Emerging Stocks Drop as World Bank Spurs Global Growth ConcernLyubov Pronina and Choong En Han
Emerging-market stocks fell for the second time in three days as the World Bank’s forecast for global-economic growth underscored weakness in Asia and Europe.
Southern Copper Corp. and Jiangxi Copper Co. fell at least 3.7 percent as prices for the metal slid to the lowest since 2009. Hyundai Mobis Co. fell the most since November as auto-industry companies dropped. Russia’s ruble ended a three-day retreat as a rebound in oil prices outweighed concern that Standard & Poor’s will cut the sovereign’s credit rating to junk. The real climbed to a one-month high as Brazilian retail sales rose.
The MSCI Emerging Markets Index dropped 0.4 percent to 955.73. The gauge is little changed since the start of 2015 as a plunge in Brent crude offset a bigger-than-forecast increase in Chinese exports. The measure has declined for the past two years.
“Global growth is in a precarious place at the moment,” Nathan Griffiths, who helps manage $1.2 billion of emerging-market equities at ING Investment Management in the Hague, said by e-mail. “Weak global growth is negative for EM assets given most countries are geared to faster global growth.”
The World Bank said the global economy resembles a train pulled by a single engine, the U.S., with other regions dragging. The Washington-based lender cut its 2015 forecast to 3 percent from 3.4 percent, reduced projections for the euro area and Japan, and predicted a 2.9 percent slump in Russia. In Moscow, Economy Minister Alexei Ulyukayev acknowledged the government risks losing its investment-grade rating.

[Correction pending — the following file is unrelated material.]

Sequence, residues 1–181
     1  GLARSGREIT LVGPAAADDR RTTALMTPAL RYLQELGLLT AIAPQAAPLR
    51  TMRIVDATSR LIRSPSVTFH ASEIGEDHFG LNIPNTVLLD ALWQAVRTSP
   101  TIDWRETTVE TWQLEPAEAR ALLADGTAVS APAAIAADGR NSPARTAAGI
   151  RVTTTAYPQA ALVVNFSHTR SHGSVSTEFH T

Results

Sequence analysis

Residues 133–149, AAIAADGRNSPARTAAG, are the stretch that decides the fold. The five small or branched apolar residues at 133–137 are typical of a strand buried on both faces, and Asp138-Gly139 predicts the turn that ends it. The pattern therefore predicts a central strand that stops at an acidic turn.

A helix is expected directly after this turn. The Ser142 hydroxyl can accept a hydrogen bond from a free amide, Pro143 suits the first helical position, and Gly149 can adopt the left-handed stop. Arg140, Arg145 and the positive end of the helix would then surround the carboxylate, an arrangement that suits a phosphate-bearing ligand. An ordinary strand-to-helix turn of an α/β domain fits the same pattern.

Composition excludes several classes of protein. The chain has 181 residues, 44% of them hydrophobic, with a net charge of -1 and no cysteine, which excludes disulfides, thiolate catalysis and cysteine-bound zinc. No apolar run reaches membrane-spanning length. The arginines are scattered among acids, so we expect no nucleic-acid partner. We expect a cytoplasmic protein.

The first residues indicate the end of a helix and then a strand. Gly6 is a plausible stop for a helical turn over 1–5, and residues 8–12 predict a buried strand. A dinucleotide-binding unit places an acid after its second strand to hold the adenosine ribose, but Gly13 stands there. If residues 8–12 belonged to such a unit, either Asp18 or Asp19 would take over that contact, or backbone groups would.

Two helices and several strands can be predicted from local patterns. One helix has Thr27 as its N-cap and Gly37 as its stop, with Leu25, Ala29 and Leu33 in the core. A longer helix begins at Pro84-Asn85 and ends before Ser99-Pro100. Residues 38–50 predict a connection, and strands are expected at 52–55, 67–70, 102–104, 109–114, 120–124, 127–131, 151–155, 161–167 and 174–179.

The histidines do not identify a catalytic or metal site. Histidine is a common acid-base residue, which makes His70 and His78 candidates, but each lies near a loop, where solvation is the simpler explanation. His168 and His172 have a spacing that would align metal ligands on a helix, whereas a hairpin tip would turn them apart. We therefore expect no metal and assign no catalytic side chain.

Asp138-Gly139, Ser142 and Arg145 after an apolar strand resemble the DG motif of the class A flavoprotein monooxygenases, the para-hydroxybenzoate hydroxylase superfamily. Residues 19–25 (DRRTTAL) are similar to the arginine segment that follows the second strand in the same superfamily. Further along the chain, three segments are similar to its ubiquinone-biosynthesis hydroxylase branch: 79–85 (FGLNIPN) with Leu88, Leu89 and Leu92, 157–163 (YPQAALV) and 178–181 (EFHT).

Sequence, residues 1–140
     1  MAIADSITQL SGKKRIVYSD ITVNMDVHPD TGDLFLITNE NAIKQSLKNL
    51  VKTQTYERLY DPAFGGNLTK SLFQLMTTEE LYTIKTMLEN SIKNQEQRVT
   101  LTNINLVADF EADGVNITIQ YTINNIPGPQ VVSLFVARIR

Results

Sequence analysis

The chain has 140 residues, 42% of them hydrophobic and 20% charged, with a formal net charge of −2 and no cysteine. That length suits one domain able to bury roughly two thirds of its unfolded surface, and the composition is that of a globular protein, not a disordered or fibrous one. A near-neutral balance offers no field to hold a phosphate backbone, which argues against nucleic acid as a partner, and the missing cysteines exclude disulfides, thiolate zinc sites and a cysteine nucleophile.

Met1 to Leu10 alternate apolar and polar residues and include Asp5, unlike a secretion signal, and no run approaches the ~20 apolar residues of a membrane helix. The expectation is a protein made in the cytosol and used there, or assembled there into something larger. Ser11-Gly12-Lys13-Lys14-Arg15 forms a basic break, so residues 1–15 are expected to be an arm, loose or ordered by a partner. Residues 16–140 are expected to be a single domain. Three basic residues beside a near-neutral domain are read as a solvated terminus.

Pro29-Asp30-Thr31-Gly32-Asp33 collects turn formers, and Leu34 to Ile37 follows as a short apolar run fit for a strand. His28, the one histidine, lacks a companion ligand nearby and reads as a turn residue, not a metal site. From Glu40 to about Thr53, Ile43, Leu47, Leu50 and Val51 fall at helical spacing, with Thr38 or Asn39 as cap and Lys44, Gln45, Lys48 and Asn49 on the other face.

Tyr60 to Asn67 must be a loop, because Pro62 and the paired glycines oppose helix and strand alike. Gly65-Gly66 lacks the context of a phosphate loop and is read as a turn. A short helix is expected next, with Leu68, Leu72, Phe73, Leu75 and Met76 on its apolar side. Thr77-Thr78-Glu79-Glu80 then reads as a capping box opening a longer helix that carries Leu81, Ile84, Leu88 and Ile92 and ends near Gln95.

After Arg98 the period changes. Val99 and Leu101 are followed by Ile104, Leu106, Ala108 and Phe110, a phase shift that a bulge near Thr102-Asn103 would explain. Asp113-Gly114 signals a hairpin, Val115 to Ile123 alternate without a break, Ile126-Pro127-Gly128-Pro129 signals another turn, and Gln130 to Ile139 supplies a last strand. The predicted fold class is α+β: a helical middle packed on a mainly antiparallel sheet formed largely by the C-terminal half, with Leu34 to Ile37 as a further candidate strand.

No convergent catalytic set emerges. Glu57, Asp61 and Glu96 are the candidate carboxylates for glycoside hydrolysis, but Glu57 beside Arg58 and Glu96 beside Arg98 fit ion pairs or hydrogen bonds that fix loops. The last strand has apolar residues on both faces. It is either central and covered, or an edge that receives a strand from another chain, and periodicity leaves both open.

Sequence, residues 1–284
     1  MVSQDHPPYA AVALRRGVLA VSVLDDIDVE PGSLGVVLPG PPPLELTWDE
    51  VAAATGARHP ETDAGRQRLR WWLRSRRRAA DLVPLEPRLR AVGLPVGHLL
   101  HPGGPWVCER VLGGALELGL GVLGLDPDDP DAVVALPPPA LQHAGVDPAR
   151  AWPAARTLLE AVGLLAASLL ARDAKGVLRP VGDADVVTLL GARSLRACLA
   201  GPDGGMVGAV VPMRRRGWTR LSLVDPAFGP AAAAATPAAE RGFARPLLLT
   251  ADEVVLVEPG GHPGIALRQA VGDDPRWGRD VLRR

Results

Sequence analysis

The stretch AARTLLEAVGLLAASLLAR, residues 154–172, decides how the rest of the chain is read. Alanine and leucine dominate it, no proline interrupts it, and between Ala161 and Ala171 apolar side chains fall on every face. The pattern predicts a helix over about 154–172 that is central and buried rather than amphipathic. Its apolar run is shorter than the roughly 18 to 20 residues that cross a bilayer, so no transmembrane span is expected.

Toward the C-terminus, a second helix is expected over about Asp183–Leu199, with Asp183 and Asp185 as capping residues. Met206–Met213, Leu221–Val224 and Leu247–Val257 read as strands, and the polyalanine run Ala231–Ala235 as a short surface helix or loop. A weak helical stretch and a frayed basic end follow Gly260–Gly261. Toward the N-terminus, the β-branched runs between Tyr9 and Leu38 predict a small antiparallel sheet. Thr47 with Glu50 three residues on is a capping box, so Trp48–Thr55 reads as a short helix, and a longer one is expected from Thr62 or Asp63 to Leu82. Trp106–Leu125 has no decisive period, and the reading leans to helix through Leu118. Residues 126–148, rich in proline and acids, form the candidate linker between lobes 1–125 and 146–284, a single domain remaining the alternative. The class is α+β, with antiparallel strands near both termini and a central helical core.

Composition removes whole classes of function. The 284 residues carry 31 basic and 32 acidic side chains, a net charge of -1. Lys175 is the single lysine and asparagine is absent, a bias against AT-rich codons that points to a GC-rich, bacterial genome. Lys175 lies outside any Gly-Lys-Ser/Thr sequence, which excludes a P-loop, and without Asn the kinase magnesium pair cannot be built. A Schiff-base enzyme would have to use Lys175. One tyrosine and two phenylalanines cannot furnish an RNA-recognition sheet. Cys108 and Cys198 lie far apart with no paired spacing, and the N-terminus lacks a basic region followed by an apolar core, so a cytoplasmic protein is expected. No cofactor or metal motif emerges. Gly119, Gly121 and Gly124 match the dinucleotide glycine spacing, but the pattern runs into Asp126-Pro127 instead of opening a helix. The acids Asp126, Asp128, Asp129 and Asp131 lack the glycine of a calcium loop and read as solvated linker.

A gauge of emerging-market commodity companies fell for a third day, the longest streak in four weeks. Raw-material prices touched a 12-year low after a decade-long bull market led producers to boost output and a stronger dollar diminished their allure to investors. Copper plunged as much as 8.7 percent, the steepest drop in more than six years.
“Copper historically is an indicator of the health of the global economy,” Alan Richardson, a Hong Kong-based investment manager at Samsung Asset Management Ltd., said.
Southern Copper dropped 3.7 percent to the lowest since December 2013. Jiangxi Copper fell 5.9 percent in Hong Kong. Vale SA, the world’s largest iron-ore producer, retreated 7.8 percent, contributing the most to the decline in the gauge of commodity companies. Hyundai Mobis slid 4 percent.
The ruble rose 0.7 percent to 64.773 per dollar. It earlier fell more than 2 percent after Ulyukayev said there’s a “fairly high” risk S&P will cut the world’s biggest energy exporter to a non-investment grade. Oil’s collapse into a bear market is pushing Russia toward recession after U.S. and European Union sanctions over Ukraine shut companies out of foreign debt markets. The currency reversed its loss as crude rebounded from a 5 1/2-year low in New York on speculation prices fell more than justified.
In South Africa, the FTSE/JSE Africa All Share Index declined 2.8 percent. Sasol Ltd., the world’s biggest maker of motor fuel-from-coal, slid 4.9 percent.
The real appreciated 1 percent versus the dollar. Brazil’s retail sales rose 0.9 percent in November from the prior month, more than the median forecast of economists surveyed by Bloomberg, which called for a gain of 0.2 percent. The Ibovespa stock index retreated for a fourth day as exporters declined.
The Shanghai Composite Index fell 0.4 percent. The Hang Seng China Enterprises Index of mainland companies listed in Hong Kong also dropped 0.4 percent.
Nine out of 10 industry groups in the emerging-markets gauge slid. The measure trades at 11.2 times the projected earnings of its members, data compiled by Bloomberg show. The MSCI World Index of developed markets is valued at 15.3 times.
The premium investors demand to hold emerging-market debt rather than U.S. Treasuries widened one basis point to 392 basis points, according to JPMorgan & Co. indexes.